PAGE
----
August 13, 2021
Research Report
 

Disaggregation of data by race and ethnicity is a critical tool for shining a light on racialized systems of privilege and oppression. Despite strong ethical and practical reasons for disaggregating data along these lines, many high-value datasets lack sufficient information on race and ethnicity. In response, data scientists and researchers have developed creative statistical and analytic methods for appending

August 13, 2021
Research Report
 

Uninsurance among citizen children with any noncitizen parents rose from 6.0 to 8.0 percent between 2016 and 2019. This increase reversed much of the coverage gains they had experienced between 2013 and 2016 and was larger than that for citizen children with only citizen parents. The Medicaid/Children’s Health Insurance Program participation rate among eligible citizen children with noncitizen parents also fell

August 12, 2021
Fact Sheet
 

This report summarizes the first-year results of the District of Columbia’s Flexible Rent Subsidy Program (DC Flex), which gave families an annual subsidy of $7,200 in an escrow account and allowed them to decide how much rental assistance to withdraw each month. The randomized controlled trial evaluation tested whether the shallow rental subsidy was effective at helping families with extremely low incomes avoid

August 10, 2021
Research Report
 

Associate Vice President of the Housing Finance Policy Center, Janneke Ratcliffe, provided testimony before the Boston City Council Committee on Housing & Community Development. The hearing included a discussion on the city’s homeownership gaps. In her oral testimony, Janneke shared evidence about the Boston’s homeownership assistance program, STASH, down payment assistance, and how to target assistance for

August 10, 2021
Testimony
 

Black and Hispanic/Latinx adults report experiencing discrimination when seeking health care at higher rates than white adults, which raises the question: How might these reported experiences adversely affect health care? The Urban Institute’s December 2020 Well-Being and Basic Needs Survey asked respondents about the consequences of and actions they took in response to being treated or judged unfairly because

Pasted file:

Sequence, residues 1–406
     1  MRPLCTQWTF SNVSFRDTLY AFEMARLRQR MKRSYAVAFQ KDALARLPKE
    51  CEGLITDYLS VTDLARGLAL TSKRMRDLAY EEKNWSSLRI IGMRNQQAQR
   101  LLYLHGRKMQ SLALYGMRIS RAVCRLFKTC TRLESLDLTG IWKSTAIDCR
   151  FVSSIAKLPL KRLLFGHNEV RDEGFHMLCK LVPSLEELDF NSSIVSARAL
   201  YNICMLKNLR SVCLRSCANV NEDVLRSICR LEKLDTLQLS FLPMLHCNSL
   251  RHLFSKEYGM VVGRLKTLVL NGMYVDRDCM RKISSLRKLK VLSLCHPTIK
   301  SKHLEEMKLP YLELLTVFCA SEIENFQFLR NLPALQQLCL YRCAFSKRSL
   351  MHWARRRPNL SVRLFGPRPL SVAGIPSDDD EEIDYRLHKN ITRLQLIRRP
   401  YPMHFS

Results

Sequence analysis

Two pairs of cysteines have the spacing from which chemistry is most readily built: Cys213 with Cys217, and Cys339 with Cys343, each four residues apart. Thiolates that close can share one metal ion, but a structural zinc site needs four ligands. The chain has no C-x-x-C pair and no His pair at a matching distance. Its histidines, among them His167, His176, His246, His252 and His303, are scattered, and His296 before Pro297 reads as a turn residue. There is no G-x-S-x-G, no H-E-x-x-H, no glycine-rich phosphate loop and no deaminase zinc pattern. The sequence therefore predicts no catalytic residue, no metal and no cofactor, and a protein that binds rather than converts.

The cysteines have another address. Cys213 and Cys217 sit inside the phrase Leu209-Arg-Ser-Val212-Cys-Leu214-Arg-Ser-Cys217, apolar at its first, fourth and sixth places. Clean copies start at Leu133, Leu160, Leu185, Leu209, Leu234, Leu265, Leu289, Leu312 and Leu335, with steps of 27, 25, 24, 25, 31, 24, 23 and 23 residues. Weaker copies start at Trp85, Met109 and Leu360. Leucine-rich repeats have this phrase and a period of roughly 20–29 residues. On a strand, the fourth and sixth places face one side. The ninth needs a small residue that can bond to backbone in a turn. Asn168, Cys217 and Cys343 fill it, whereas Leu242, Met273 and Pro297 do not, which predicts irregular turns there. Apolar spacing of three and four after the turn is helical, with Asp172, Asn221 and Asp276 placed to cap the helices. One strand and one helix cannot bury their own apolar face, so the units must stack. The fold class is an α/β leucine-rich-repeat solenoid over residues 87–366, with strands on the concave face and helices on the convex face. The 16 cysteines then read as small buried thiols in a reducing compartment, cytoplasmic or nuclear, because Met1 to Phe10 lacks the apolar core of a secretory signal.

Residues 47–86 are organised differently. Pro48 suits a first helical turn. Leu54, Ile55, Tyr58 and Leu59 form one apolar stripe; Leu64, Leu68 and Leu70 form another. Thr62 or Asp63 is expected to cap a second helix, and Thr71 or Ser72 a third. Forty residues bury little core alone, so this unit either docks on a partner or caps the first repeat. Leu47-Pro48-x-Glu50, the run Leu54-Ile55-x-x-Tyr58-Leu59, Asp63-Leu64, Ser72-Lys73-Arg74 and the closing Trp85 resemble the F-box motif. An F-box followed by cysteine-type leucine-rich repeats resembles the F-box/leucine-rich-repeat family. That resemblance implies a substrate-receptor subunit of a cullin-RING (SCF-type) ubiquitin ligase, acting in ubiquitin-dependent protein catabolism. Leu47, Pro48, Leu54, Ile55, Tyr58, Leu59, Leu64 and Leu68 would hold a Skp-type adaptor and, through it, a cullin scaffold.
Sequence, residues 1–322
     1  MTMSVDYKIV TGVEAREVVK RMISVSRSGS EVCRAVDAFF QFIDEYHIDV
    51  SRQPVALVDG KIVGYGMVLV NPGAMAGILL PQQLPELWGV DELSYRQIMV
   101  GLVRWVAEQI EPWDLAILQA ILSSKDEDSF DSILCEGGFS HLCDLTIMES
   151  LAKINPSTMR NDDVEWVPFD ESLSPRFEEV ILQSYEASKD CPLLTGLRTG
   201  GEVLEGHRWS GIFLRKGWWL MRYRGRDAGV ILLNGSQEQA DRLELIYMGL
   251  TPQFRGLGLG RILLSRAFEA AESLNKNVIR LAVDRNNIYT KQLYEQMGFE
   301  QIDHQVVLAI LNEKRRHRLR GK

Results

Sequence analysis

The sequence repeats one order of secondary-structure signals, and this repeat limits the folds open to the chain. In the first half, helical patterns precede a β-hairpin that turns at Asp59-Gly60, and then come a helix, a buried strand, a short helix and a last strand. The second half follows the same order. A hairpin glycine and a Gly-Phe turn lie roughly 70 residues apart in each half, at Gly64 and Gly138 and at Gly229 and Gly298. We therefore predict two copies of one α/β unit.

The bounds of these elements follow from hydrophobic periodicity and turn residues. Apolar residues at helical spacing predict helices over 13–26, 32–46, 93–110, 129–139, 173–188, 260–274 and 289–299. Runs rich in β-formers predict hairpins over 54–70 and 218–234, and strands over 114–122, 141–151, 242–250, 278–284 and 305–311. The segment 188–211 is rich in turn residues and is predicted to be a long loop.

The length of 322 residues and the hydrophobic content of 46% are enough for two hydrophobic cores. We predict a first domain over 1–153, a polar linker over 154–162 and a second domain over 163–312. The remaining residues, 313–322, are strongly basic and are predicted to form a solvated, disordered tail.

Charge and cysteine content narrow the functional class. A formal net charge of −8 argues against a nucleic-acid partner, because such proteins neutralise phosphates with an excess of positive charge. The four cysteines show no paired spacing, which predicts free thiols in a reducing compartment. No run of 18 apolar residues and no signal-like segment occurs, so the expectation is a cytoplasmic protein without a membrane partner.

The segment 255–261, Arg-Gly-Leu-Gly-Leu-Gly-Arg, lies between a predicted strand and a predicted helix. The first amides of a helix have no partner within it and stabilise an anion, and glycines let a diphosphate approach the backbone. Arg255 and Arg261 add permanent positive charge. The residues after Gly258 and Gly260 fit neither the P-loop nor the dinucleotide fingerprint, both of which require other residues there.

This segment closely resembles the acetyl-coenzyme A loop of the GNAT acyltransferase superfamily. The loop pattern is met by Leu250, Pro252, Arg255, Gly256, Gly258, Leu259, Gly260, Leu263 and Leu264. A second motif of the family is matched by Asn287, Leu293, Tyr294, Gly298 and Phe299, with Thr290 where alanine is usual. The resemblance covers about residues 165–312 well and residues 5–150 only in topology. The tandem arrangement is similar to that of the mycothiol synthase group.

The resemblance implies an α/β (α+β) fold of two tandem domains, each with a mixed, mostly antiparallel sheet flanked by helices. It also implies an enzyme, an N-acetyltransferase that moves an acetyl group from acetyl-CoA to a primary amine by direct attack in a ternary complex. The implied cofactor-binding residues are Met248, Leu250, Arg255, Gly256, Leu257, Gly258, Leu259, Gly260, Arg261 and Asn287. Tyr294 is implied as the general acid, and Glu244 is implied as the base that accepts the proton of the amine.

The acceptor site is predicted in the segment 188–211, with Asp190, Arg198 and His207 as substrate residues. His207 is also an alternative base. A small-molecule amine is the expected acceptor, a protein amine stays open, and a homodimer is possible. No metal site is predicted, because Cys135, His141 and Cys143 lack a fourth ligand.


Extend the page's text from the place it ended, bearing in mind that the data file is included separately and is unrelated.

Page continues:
August 9, 2021
Fact Sheet
 

In this brief, we determine the extent of perceptions of unfair treatment or judgment due to race and ethnicity across five domains during the COVID-19 pandemic: At work or when applying for jobs When interacting with police or law enforcement When applying for social services or public assistance When trying to rent a room or apartment or buy a house To do so, we draw on data from the Urban Institute’s

August 9, 2021
Brief
 

This brief describes adults’ perceptions of unfair treatment due to their racial or ethnic background while seeking social services or public assistance in the months leading up to and during the COVID-19 pandemic. We also discuss what happens when people delay receiving or do not receive needed services and identify several strategies that may reduce experiences of unfair treatment or judgment based on race or

August 9, 2021
Brief
 

In this brief, we present findings from follow-up interviews with 39 Black and African American nonelderly adults ages 18 to 64 who participated in the Urban Institute’s September 2020 Coronavirus Tracking Survey. We designed our follow-up interviews to explore accounts of discrimination and unfair judgment and assess their consequences. Interviews took place between December 2020 and February 2021. We find the

August 9, 2021
Research Report
 

In this brief, the authors analyze Ginnie Mae’s request for input (RFI) on issuer eligibility. While some provisions of the RFI are well-balanced, others can have a very detrimental impact nonbank issuer liquidity. In particular, the subtraction of excess MSRs from adjusted net worth is very punitive. This would disincentivize issuers from holding excess MSRs, which can be a source of liquidity. The authors

August 6, 2021
Brief
 

Policymakers often rely on income-related metrics of the hospital facility alone as reported in the Medicare Cost Report to inform policy decisions.  Yet, this approach provides only a limited view of a hospital’s financial health. This paper presents a replicable method for a comprehensive analysis of the financial performance of hospitals in the context of their membership in health systems.  It

August 5, 2021
Journal Article
 

The ECE workforce experiences high levels of stress, partly because they have low incomes and limited access to professional and personal supports for their own well-being. In addition, the ECE workforce experiences sociopolitical stressors (i.e., stressors that arise from political legislation or from political leaders’ threatening rhetoric). This descriptive study examines one specific set of sociopolitical

August 3, 2021
Research Report
 

Assistant teachers play an important role in Head Start and other early care and education (ECE) programs. This study found that assistant teachers contribute to classroom quality in the program’s day-to-day implementation. Thirty-eight assistant–lead teaching teams from Head Start preschool classrooms across 14 Head Start centers within the larger agency participated in this study. Dual-language learner (DLL)

August 3, 2021
Research Report